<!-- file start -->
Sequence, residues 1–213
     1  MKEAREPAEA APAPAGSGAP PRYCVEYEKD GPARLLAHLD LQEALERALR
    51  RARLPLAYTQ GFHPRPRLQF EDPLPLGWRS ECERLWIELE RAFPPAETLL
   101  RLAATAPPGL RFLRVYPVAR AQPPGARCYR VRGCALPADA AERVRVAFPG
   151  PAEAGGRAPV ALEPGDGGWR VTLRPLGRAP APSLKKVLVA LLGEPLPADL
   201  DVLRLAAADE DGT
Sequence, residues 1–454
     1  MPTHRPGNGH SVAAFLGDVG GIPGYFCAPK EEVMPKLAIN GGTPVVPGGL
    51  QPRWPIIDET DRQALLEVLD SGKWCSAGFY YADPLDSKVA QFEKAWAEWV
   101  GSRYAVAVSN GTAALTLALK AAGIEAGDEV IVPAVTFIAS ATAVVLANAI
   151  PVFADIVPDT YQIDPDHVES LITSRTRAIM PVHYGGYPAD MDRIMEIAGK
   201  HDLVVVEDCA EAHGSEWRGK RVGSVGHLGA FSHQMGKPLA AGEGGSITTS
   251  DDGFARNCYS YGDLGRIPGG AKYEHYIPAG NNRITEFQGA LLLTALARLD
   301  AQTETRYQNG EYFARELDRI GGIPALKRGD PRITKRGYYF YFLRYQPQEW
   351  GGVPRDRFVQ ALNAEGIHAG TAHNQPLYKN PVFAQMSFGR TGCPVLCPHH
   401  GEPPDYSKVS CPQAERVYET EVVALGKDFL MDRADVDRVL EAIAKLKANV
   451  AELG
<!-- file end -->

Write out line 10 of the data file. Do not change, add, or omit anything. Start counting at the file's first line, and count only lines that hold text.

   101  GSRYAVAVSN GTAALTLALK AAGIEAGDEV IVPAVTFIAS ATAVVLANAI